Travel to Norway with Natalie Normann
Summer Island in Norway
Ooh if it’s a summer island you want to head out to for a break in the middle of nowhere….come with me and Natatlie Normann as we explore the setting of her new novel!
Norway has 239057 islands, scattered along the coast and in the fjords. There’s also about 81192 islets. That’s a lot of rocks in the sea. I had no idea there were so many before I started writing this. Also, the Norwegian word for island is øy.
The island in Summer Island is fictional, mostly because by choosing not to set the book on an actual island, it gave me the freedom to create it the way I saw it in my head.
However, it’s inspired by actual islands from the west coast of Norway. My hometown, Haugesund, is a small town, nestled between Bergen and Stavanger, and a few fjords. It was once called the most isolated town in Norway, simply because the waterway was the easiest way to get there.
It became a town because of the herring fisheries. Fishing boats from Haugesund and the islands, would travel to Hull in England during the 1700s. A hundred years before that, Scottish fishermen would come for the lobsters. Before that, vikings travelled from here to the British isles.
Right in front of Haugesund, if I can put it that way, is Karmøy. Here is what’s left of the oldest royal estate in Norway; home of Viking kings, established by Harald Fairhair – or Harald Hårfagre in Norwegian. It goes all the way back to the 700s. So, all those guys who raided Scotland and Ireland, and Northern England; a lot of them would come from my coast. Sorry!
My childhood was filled with island summers. One summer we stayed on an old homestead, with no electricity or indoor plumbing, so no TV or even radio. But there was a rickety old rowing boat, a pebbled beach, an orchard and plenty of other kids to play with. I would spend hours either up a tree or finding shelter in the abandoned barn when it rained, reading old books I found in the house.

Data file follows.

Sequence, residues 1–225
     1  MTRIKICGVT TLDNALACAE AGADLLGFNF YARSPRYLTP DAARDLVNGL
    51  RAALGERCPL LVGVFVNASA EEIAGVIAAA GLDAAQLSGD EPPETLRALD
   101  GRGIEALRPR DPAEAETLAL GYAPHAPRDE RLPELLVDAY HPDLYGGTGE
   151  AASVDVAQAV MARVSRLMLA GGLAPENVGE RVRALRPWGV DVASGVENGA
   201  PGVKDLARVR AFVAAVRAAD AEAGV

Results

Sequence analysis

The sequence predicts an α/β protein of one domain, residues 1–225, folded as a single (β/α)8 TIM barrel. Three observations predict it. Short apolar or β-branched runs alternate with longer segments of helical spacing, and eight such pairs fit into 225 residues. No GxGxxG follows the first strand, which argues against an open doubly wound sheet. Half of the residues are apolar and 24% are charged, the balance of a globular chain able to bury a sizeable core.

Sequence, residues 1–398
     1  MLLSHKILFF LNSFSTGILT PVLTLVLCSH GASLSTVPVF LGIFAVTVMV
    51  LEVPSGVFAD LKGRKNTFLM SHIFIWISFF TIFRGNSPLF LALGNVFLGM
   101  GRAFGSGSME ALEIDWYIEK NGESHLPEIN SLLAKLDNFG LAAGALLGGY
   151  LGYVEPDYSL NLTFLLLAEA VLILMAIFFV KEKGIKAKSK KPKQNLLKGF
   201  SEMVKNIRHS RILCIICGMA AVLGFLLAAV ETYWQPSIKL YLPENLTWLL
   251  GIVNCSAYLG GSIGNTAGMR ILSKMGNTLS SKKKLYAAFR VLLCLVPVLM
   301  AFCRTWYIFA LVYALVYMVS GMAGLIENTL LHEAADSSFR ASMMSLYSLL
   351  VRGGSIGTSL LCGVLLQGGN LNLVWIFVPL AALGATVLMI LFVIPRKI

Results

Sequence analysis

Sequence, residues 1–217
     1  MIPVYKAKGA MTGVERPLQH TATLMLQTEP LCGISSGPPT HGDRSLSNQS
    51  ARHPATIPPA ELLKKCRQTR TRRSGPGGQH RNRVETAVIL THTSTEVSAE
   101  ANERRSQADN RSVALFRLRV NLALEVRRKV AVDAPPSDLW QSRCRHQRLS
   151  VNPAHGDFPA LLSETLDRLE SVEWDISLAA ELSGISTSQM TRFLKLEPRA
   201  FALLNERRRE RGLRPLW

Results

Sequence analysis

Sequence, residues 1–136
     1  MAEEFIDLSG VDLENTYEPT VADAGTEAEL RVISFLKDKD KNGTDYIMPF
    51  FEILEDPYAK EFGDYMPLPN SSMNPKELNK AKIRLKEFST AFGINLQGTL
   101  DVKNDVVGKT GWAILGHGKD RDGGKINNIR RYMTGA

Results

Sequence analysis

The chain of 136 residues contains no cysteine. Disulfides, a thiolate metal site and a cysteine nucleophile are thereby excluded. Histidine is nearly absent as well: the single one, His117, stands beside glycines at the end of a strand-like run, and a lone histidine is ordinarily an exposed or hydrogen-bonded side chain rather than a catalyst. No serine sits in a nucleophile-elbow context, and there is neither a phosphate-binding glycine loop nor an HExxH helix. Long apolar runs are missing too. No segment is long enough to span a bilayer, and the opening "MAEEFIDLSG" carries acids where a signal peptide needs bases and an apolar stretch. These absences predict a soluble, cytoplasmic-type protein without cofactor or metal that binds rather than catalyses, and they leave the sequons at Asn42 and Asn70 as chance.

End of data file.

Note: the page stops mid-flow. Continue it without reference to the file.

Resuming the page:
When I think back, I remember mostly sunny days during summers. We spent most of our time swimming or fishing, and having a grand time. I know that it rained a lot. This was on the coast, and it always rains here. I grew up in wellingtons and raincoats, and yet, all I remember is the sun shining. Memory can be wonderfully weird sometimes.
Every island was different and yet similar. Some had roads and cars, some had trees, some had no beaches at all, and others had the perfect sandy beaches with long slopes of grass and wild flowers.
On one island there was an old schoolhouse; a small, white house by a narrow pathway. It was like a dolls house, big enough to go inside. This island had a huge mountain, especially because we hiked to the top and I was little. To get to Borgøy, you have to travel deeper into one of the fjords.
To come to Haugesund by boat, you have to sail in between Karmøy and the mainland, pass Vibrandsøy, Risøy and Hasseløy. These are smaller islands, full of lovely, old houses and one large dock (on Risøy).
Furthest out in the sea, is Utsira. There’s a ferry and you can drive on the island, and lots of sheep. It’s the smallest municipal in Norway and have the must stunning views.
Then there’s Stord, one of the larger islands about half way between Haugesund and Bergen. A natural stop over for the ferries going to Bergen. Now they have built roads and tunnels under the fjords, so the ferries doesn’t run as often anymore. It’s a shame, really. I prefer the open sea to the claustrophobic darkness of a tunnel.
And last, but not least, there’s Tysnes, where we would visit my mum’s best friend and stay at their house. The kids would sleep in the attic, and there was always at least one evening with a feast of fresh shrimps and white bread with proper butter, the kind we never had at home. Early mornings, when the sea was so so still, you could see your face in the surface, we would row out to fish. Bleary-eyed and tired, but with the promise of hot cocoa and raisin buns when we returned.
Summer Island might be made up, but it’s made up from elements of so many beautiful islands.
Writing Summer Island in English was great fun. I have been a translator for years, but that was from English to Norwegian, and it’s not quite the same. But I have written stories in English for years, some I have submitted, some stayed in the desk drawer. I loved the challenge. I had a few moments of panic before I started, but once I got into the story, I just hammered away at the keyboard. Haha I know, it sounds annoying!
BookTrail Boarding Pass: Summer Island (bookreview)